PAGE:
Institutional weaknesses inherited from Zuma years continue to hamper SAPS’s fight against crime – IRR
29 September 2020
The recent high-profile murder of police investigator Lieutenant-Colonel Charl Kinnear heightens public concerns about rising crime during the economic downturn, with statistics showing that South Africans are distressingly vulnerable to stubbornly high levels of violent crime.
Murder rates, in particular, have remained consistently high over the past three years. In a global seting, only two countries with large populations – Brazil and Venezuela – have murder rates higher than South Africa’s.
These and other findings are reflected in a recent edition of FreeFACTS, the Institute of Race Relations’ (IRR) monthy digest of socio-economic data.
Key takeaways on crime are that:
The murder rate in 2019/2020 is at its highest since 2002/2003, at 36 per 100 000 people – the third highest murder rate of countries with large populations;
The rate of aggravated robberies has increased steadily over the past decade – from 203 per 100 000 people in 2010/2011 to 242 per 100 000 people in 2019/2020; and
Only drug-related crime rates have improved in recent years, having decreased significantly from 570 per 100 000 people in 2017/2018 to 286 per 100 000 people in 2019/2020.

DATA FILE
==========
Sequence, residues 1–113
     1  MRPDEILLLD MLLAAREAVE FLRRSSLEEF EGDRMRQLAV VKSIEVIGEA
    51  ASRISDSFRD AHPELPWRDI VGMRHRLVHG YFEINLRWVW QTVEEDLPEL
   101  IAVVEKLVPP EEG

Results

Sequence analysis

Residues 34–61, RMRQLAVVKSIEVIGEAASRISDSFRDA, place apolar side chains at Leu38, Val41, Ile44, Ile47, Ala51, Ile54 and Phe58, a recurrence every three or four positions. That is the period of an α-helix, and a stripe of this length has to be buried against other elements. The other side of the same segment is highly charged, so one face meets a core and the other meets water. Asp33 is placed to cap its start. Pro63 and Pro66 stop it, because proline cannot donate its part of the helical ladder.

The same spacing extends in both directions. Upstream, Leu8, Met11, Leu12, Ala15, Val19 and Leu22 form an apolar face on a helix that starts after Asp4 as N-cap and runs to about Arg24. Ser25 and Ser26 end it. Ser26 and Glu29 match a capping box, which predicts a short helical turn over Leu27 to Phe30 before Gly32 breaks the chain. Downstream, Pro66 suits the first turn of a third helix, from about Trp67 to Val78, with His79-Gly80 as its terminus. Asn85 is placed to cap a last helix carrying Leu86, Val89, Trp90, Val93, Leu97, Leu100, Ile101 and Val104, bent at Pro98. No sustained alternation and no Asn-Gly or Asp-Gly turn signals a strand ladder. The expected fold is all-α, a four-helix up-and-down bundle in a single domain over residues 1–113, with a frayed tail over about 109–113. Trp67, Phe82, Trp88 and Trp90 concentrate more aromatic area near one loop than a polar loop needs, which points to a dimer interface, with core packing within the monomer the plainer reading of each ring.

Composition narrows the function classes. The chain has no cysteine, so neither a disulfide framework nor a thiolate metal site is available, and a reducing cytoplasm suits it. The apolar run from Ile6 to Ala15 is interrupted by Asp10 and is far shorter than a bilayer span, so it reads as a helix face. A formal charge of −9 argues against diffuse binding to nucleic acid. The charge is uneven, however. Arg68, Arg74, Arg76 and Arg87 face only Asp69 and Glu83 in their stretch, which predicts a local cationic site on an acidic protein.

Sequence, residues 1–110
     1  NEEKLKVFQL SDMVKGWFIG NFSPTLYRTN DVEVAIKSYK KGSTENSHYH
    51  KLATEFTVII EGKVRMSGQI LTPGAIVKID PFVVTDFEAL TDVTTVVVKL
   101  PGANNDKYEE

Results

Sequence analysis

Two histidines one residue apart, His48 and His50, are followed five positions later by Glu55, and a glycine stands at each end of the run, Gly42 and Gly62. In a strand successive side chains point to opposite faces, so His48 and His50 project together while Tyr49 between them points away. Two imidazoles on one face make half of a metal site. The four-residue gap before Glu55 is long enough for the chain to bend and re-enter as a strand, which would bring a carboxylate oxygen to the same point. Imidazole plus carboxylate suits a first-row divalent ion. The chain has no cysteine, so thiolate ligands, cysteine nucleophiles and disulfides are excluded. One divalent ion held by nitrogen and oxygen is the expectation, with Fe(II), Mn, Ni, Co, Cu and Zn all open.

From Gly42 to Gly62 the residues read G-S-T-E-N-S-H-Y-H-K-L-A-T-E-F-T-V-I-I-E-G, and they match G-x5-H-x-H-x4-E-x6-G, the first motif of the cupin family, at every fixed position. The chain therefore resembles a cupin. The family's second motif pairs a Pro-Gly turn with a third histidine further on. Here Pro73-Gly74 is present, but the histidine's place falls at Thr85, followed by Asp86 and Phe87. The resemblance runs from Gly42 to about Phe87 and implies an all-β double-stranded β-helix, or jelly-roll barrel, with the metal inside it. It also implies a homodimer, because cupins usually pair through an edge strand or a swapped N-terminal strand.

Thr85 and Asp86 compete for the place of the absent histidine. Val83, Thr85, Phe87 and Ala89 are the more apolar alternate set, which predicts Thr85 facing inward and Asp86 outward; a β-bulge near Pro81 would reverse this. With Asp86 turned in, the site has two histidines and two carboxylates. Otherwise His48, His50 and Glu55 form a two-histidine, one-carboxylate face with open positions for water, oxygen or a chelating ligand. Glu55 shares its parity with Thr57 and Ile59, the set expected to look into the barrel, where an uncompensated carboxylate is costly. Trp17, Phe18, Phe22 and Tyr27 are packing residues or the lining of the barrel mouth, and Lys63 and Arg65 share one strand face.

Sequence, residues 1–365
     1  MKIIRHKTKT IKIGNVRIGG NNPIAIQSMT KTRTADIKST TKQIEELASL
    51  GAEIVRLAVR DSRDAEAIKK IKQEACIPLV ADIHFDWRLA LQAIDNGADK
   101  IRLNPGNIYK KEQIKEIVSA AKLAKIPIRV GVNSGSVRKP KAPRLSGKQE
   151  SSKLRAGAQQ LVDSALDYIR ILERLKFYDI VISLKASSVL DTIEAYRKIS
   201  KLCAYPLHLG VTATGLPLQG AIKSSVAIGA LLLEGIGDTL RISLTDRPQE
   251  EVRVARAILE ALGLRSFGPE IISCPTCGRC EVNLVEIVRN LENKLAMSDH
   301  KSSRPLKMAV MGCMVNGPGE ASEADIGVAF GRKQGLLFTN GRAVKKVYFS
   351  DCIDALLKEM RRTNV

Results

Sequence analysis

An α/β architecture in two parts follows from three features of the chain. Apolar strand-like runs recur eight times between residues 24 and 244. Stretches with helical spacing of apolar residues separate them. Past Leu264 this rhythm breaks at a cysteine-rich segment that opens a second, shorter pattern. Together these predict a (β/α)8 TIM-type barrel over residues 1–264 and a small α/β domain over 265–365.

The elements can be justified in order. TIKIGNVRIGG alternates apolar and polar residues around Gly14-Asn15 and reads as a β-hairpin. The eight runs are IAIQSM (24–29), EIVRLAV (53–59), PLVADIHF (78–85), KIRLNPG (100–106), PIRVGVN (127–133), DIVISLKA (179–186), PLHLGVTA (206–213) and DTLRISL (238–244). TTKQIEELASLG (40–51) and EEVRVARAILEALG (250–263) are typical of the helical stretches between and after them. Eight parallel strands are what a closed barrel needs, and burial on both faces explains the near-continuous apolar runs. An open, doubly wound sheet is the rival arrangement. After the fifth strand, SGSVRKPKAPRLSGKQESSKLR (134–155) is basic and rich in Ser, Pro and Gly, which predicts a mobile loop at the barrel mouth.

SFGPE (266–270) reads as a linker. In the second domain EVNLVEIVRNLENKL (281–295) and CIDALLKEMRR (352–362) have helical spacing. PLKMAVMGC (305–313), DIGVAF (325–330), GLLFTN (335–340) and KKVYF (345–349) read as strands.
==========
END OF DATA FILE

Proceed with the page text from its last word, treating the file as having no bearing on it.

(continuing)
According to Marius Roodt, Senior Policy Researcher at the IRR, crime levels of this nature are likely attributable to long-term shortcomings in effective policing by the South African Police Service (SAPS), and that institutional weaknesses within SAPS, which became pronounced during the presidency of Jacob Zuma, do not appear to have been overcome under the Ramaphosa presidency.
‘Crime rates have risen significantly in the past five years or so, having shown a steady decline after peaking in the mid-1990s. There are a number of factors behind this increase, but a primary one is the institutional weakening of the SAPS. This is unfortunately not a problem only in policing. Over the past decade there has been a significant hollowing out of many of our institutions, which has significant implications for the future success of this country,’ said Roodt.
Issued by Marius Roodt, IRR Senior Policy Researcher, 29 September 2020